The Production. Rachel Forbes’s set depicts a cross section of a simple, neat kitchen, with appropriate fridge magnets, collectables etc., and Claudette’s old room. The walls of her room still have the same stuff that was on the walls when she was a teen living at home. There is a stairway that divides the rooms and allows for exits and entrances.

The production begins with the four women; Daphne and her two daughters and the ghost of Cloe following in a line, each carrying a suitcase, swaying to lilting music. It’s buoyant, infectious, and an uplifting way to begin the show. But then that liveliness slowly, methodically deflates as the show continues.

One problem is Trey Anthony’s rather simplistic script. The handling of thorny issues is superficial at best, and might be better suited to television as a sitcom or a soap opera. Conversations that should have taken place years before happen inexplicably without previous reference now. Another problem is that Trey Anthony also directs and it’s pedestrian at best. She moves characters for no reason I guess to make them look less static, or as in the case when Claudette first arrives, she just stands there awkwardly, making it look like the director didn’t know what to do with her.

Ordena Stephens-Thompson as Daphne sashays confidently around the space, putting a spin on the Jamaican lilt. Daphne is the best written of all the parts but there are still moments that make one wince at the lack of depth. Khadijah Roberts-Abdullah as Claudette portrays a woman, uncomfortable to be there and with reason. Roberts-Abdullah also infuses Claudette with a lot of emotion and passion. Beryl Bain as Cloe is graceful and a youthful presence. One can see the lost promise of this ghost-like character. Finally I can appreciate that Allison Edwards-Crewe plays Valerie as a perky, chirpy, lively character with lots to hide including a sad back story, it’s just that it’s obvious and grating, which defeats the purpose.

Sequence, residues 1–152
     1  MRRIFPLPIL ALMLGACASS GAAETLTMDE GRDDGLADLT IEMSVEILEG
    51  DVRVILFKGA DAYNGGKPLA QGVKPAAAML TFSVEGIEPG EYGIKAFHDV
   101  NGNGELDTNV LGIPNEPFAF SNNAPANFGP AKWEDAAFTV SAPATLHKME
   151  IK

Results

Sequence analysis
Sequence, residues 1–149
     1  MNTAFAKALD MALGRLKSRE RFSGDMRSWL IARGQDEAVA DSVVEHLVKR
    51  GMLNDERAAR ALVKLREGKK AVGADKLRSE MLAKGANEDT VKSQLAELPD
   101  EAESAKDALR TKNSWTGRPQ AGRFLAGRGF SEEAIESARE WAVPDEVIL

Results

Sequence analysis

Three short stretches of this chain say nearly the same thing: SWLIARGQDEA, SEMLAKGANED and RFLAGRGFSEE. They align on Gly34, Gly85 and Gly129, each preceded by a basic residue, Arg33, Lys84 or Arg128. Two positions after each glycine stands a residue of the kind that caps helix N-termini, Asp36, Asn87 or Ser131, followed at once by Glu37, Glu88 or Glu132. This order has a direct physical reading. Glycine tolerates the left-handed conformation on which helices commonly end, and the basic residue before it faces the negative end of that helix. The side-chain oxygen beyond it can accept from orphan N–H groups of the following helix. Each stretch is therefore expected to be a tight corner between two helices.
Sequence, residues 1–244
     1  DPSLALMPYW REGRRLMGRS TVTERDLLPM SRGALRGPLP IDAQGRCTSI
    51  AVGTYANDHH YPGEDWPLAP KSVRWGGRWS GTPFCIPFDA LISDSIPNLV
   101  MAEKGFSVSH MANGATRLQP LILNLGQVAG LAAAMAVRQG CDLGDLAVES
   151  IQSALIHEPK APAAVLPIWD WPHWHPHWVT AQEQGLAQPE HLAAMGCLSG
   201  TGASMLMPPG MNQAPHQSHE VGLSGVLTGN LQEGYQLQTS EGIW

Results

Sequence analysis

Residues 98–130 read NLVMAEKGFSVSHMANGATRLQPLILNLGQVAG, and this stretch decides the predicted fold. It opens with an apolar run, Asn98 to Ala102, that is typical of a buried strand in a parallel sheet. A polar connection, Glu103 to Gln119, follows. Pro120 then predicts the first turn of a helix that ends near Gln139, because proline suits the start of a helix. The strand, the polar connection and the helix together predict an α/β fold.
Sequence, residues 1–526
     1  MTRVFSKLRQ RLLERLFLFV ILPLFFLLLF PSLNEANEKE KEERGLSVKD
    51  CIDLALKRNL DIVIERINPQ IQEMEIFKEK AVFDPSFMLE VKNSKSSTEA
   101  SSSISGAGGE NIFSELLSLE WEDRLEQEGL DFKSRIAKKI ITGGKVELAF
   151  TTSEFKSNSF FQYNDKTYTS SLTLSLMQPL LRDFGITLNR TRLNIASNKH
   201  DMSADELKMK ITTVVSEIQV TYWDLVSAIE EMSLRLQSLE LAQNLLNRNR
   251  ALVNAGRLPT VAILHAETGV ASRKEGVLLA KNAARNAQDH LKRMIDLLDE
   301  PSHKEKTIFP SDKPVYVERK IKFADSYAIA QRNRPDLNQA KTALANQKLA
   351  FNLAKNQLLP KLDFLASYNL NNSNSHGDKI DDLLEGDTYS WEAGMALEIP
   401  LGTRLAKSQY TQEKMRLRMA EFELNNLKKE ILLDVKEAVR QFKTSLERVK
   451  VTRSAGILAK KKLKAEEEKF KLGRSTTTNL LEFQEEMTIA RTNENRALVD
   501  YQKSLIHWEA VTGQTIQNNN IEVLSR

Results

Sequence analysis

Comment. I find playwright Trey Anthony’s work to be slight and superficial. The subject matter appears to be of substance but at best the plays skim the surface and rarely dig deeply. How do black mothers say “I love you?” They say it in the same way every other mother of any race, creed, colour, sexual persuasion etc. says it. Sometimes it’s simple, complicated, vague, direct, off the wall, but it’s the same the world over, I recon.